Tom Ballard: Since 1989

Note: This review is from 2012

Review by Steve Bennett

In basing a show almost entirely around his break-up from Gen Y pin-up Josh Thomas, Tom Ballard could easily stand accused of hitching a ride on the coat-tails of a much more high-profile comedian.

Good job, then, that this turns out to be a funny, clued-up, confident and astoundingly honest offering from a comedian rightly being touted as one of Australia’s finest new talents.

The title underlines the Triple J host’s youth, and his audience are almost entirely from a similar demographic. The average age of my row doubled when I took a seat. But despite a few introductory ‘you know you’re old when…’ quips, this is comedy with appeal across the generations.

He begins with a few standalone stand-up routines to showcase his likeable, approachable personality. He defuses empty High School insults, impersonates a middle-aged aunt dancing at a family wedding and cracks gags about Josef Fritzl and Aids, which serve more to establish where he’s putting the taste boundaries (far out), rather than being that hilarious in themselves.

Extracts from his mother’s diary, which describe Tom’s development in a strange mix of casual indifference and trivial obsessions, bookend the meat of his show, which revolve a certain Network Ten panel-show captain – imaginatively represented here by a novelty stuffed cat from Asia.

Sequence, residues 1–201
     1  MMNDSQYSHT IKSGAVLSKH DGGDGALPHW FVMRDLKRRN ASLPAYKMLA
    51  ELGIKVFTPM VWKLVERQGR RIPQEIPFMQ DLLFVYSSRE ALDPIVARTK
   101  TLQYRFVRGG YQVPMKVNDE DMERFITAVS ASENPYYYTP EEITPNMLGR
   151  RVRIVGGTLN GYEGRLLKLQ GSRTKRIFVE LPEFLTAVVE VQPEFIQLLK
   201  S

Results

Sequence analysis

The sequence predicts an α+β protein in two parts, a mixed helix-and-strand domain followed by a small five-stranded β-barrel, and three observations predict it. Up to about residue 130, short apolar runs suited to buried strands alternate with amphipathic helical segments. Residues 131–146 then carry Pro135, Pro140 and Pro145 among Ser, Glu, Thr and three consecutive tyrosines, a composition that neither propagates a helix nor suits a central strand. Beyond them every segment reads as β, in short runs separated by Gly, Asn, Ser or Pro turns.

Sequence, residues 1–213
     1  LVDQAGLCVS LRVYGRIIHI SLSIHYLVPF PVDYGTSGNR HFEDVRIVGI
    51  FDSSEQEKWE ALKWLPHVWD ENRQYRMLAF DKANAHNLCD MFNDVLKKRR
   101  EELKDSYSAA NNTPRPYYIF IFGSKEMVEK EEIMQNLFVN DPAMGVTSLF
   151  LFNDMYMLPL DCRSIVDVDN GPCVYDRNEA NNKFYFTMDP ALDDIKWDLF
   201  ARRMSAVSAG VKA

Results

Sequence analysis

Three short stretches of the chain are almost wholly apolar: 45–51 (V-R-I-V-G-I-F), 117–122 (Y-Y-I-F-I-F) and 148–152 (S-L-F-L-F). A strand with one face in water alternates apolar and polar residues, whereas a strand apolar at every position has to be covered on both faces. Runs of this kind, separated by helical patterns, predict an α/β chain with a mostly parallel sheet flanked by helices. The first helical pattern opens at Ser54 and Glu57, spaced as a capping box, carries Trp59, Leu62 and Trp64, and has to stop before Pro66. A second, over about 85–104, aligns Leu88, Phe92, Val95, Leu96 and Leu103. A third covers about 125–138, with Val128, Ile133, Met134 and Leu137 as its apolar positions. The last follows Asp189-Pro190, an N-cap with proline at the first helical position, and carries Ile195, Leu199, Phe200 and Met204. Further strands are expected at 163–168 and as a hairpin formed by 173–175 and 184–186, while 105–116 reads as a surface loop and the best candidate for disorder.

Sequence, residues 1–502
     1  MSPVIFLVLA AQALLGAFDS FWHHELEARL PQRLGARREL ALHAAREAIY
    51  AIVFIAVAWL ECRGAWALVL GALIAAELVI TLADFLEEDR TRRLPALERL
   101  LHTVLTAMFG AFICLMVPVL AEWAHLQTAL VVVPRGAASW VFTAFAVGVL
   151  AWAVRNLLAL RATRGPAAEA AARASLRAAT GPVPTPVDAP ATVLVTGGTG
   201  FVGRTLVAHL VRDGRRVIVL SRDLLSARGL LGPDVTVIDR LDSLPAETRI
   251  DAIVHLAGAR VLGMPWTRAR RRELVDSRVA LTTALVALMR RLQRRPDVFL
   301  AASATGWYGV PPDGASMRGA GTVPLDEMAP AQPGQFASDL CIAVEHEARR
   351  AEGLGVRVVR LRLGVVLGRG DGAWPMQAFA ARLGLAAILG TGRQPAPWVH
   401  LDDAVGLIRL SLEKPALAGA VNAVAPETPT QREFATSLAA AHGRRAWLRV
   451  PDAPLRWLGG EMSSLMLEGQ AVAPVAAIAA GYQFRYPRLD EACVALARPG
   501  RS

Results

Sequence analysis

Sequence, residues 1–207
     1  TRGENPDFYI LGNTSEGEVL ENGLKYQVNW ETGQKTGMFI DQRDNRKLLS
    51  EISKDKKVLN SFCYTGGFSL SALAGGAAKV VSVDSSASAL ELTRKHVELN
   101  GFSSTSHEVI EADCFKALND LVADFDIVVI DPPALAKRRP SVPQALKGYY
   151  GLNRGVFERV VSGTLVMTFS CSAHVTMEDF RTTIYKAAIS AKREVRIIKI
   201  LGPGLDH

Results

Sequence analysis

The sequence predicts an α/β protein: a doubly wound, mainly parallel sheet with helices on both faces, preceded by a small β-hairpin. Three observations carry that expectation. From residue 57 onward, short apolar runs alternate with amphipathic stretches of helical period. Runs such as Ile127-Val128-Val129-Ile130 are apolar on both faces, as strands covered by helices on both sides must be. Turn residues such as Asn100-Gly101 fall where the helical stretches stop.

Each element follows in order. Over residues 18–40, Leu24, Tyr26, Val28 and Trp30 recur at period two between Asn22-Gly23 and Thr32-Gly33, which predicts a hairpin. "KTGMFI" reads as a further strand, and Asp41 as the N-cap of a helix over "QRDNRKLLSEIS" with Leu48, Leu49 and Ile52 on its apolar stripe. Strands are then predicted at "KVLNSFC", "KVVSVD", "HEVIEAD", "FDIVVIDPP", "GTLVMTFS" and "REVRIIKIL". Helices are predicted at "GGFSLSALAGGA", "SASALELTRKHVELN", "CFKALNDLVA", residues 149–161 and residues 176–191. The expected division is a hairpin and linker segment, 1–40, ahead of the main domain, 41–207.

That we all know his former paramour adds a definite frisson to Ballard’s anecdotes, especially in the moments of brutal frankness about their sex life. But this is no opportunistic root-and-tell expose, but a successful attempt to describe their relationship and the heartache that followed when young love ran its course. Ballard’s honesty invites the audience to put an emotional investment into the show, that you wouldn’t get with, say, observational shtick about air travel.

Yet Ballard never gets self-absorbed, nor loses sight of the fact that this is a comedy show, not therapy. While his feelings inform the funnies, it’s the witty storytelling and well-developed comic timing which ensures the audience’s laughter.

He can be cuttingly cruel in his gags, yet even when he says the most potentially offensive line, there’s an affable glint in his voice that softens the blow. Ballard might only be young, but this is an impressively mature display of his incontrovertible comic gifts.

Reviewed at the Melbourne Comedy Festival, April 2011

Review date: 9 Jan 2012
Reviewed by: Steve Bennett

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